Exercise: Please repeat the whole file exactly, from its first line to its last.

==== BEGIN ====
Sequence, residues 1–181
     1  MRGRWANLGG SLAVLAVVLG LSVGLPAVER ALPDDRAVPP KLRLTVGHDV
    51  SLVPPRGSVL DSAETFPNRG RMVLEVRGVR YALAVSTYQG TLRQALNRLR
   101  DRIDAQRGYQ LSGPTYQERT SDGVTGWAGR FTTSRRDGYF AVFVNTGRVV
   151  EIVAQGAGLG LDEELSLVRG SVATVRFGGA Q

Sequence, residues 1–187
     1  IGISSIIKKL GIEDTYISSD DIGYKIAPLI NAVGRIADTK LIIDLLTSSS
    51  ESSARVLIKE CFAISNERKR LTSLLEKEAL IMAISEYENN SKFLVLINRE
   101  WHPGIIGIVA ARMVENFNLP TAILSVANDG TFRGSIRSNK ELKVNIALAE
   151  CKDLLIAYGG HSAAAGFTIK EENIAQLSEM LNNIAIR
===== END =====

Sequence, residues 1–181
     1  MRGRWANLGG SLAVLAVVLG LSVGLPAVER ALPDDRAVPP KLRLTVGHDV
    51  SLVPPRGSVL DSAETFPNRG RMVLEVRGVR YALAVSTYQG TLRQALNRLR
   101  DRIDAQRGYQ LSGPTYQERT SDGVTGWAGR FTTSRRDGYF AVFVNTGRVV
   151  EIVAQGAGLG LDEELSLVRG SVATVRFGGA Q

Sequence, residues 1–187
     1  IGISSIIKKL GIEDTYISSD DIGYKIAPLI NAVGRIADTK LIIDLLTSSS
    51  ESSARVLIKE CFAISNERKR LTSLLEKEAL IMAISEYENN SKFLVLINRE
   101  WHPGIIGIVA ARMVENFNLP TAILSVANDG TFRGSIRSNK ELKVNIALAE
   151  CKDLLIAYGG HSAAAGFTIK EENIAQLSEM LNNIAIR